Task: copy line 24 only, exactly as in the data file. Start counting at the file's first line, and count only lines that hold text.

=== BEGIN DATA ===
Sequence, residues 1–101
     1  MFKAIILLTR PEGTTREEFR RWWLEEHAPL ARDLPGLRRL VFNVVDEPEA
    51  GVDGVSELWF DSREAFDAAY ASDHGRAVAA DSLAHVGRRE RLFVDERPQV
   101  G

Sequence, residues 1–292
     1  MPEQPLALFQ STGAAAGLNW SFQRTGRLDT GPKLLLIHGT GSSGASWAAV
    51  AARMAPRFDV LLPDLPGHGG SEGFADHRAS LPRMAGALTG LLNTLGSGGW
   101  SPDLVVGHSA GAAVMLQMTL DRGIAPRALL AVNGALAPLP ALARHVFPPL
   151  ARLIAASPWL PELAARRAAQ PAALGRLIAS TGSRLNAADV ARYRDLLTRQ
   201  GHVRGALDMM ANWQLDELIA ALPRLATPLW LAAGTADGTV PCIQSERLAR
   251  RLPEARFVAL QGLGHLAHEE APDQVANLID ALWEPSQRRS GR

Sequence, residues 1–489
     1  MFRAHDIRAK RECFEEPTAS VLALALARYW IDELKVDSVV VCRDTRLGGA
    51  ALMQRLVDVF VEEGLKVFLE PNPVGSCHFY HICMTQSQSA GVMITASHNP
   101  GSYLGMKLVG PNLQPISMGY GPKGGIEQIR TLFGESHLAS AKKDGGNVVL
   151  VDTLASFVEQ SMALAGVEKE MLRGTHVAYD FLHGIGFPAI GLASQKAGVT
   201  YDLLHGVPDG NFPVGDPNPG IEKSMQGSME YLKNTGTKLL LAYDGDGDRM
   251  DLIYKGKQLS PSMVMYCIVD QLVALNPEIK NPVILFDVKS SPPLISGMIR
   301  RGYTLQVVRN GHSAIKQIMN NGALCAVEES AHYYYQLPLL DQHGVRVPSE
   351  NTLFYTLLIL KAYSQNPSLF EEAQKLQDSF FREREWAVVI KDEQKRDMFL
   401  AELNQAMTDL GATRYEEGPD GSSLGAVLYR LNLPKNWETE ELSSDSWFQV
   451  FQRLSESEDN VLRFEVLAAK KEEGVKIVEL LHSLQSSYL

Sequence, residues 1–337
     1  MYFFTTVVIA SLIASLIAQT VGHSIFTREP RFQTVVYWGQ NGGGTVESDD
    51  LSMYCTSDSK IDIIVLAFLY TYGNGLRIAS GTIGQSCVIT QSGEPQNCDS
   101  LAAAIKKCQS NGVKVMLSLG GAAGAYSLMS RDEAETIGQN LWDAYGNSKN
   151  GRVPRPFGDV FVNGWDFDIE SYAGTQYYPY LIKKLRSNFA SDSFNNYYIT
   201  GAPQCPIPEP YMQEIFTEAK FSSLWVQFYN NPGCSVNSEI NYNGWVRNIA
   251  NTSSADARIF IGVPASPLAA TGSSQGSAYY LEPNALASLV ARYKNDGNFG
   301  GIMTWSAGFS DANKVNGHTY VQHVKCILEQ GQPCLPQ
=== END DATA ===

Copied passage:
     1  MYFFTTVVIA SLIASLIAQT VGHSIFTREP RFQTVVYWGQ NGGGTVESDD